If / Then
(6th Sunday of Easter: Acts 8:5-17; 1 Peter 3:15-18; John 14:15-21)
“If you love me,” Jesus says, “you will keep my commandments.” He describes some of the things that will happen as a result: “I will ask the Father, and he will give you another Advocate to be with you always, the Spirit of truth.”
Best of all, “Whoever loves me will be loved by my Father, and I will love him and reveal myself to him.” This explains, I think, why there was such joy in the city of Samaria, when Philip proclaimed the Christ to them, and confirmed his preaching by many signs.
Our Lady of La Salette tells of what will happen, “if they are converted.” Externally, there will be abundance instead of famine.
What about internal effects? We might borrow some ideas from our second reading and the psalm.
If they are converted:
They will “sanctify Christ as Lord” in their hearts. They will no longer abuse his name.
They will learn to pray well. They will sing praise to the glory of God’s name, crying out, “Blessed be God who refused me not my prayer or his kindness!”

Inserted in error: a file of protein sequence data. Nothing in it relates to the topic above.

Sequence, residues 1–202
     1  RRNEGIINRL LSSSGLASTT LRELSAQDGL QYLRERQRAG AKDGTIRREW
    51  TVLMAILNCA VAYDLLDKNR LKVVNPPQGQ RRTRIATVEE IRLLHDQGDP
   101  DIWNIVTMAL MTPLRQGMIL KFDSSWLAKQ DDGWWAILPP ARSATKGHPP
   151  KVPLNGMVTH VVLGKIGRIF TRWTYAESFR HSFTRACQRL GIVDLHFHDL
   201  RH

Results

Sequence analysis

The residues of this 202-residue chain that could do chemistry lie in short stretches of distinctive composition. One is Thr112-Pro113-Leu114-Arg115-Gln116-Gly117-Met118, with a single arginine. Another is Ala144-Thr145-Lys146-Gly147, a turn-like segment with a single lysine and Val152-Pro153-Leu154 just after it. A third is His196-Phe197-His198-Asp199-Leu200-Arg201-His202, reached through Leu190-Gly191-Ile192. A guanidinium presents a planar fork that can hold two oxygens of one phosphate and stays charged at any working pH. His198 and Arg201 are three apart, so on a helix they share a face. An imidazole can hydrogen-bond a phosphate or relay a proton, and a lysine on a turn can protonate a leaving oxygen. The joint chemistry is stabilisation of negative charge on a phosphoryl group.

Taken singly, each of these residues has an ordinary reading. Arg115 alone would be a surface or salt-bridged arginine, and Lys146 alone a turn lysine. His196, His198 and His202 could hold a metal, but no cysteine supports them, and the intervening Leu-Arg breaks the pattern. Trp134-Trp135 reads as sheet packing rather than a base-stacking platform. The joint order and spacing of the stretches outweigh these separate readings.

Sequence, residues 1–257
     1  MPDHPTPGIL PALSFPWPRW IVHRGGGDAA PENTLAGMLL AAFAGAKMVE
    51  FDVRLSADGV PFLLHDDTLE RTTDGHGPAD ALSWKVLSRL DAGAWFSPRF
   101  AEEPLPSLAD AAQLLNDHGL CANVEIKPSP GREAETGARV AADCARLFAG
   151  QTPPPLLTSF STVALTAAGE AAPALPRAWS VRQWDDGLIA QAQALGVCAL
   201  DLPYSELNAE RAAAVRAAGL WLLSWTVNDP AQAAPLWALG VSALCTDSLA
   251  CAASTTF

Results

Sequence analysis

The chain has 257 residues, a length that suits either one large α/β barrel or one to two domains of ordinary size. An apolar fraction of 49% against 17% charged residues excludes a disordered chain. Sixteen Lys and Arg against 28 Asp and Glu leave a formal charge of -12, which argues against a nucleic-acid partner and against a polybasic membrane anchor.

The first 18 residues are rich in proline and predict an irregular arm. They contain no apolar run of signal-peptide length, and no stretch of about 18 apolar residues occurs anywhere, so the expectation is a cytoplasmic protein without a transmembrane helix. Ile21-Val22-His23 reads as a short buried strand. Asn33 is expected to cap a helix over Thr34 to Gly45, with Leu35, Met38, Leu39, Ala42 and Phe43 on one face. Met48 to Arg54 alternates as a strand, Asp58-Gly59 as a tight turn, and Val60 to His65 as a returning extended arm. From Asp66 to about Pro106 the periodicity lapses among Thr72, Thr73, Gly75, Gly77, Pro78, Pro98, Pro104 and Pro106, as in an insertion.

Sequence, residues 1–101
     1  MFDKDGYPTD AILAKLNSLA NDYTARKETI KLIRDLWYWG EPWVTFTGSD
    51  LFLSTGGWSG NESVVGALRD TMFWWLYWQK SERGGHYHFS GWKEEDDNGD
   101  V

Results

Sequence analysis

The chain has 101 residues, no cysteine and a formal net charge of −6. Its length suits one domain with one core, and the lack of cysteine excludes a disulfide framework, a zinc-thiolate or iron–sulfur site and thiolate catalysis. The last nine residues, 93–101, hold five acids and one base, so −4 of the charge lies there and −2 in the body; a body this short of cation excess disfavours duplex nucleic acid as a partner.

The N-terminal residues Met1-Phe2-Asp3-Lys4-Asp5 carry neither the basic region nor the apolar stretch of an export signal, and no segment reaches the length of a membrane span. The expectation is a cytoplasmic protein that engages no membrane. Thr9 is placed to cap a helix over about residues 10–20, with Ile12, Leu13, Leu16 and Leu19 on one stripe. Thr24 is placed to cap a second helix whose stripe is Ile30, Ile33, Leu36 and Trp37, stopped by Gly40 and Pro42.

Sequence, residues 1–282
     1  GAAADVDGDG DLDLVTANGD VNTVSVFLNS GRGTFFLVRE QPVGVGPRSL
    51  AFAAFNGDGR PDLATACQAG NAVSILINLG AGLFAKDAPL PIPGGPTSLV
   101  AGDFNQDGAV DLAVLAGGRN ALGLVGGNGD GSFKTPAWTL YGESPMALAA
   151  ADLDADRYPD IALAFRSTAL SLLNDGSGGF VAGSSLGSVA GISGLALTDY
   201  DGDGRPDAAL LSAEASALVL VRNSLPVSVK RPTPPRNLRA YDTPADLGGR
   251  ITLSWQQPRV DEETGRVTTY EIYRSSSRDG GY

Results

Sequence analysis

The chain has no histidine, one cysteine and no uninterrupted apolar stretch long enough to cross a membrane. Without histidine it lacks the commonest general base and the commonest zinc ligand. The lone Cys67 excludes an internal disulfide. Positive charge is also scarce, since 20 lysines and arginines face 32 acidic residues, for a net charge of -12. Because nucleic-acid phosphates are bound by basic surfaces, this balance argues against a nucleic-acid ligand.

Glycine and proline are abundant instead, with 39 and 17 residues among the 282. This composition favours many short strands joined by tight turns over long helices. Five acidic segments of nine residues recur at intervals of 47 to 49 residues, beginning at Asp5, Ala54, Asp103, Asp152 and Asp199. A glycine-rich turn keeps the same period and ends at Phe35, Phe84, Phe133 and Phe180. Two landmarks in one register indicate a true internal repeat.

They will be ready to give an explanation, gently and respectfully, to anyone who asks them for a reason for their hope. This presupposes they will live in such a way that others will actually notice their Christian commitment. (That is what Maximin’s father did when, after years of not going to church, he then went to daily Mass.)
They will keep their conscience clear, and accept suffering, if it is God’s will, even when they are innocent.
In 1852, Bishop de Bruillard decided to erect a Shrine, and at the same time to call into existence the Missionaries of Our Lady of La Salette, noting: “Their institution and existence shall be, like the Shrine itself, an eternal monument, a perpetual remembrance, of Mary's merciful apparition.”
Nothing quite so public would be expected of most persons who accept Mary’s call to conversion, but if we are to persevere, then it would good, it would be wise, to ensure that our first encounter with the Beautiful Lady will never be forgotten.
Wayne Vanasse and Fr. René Butler, M.S.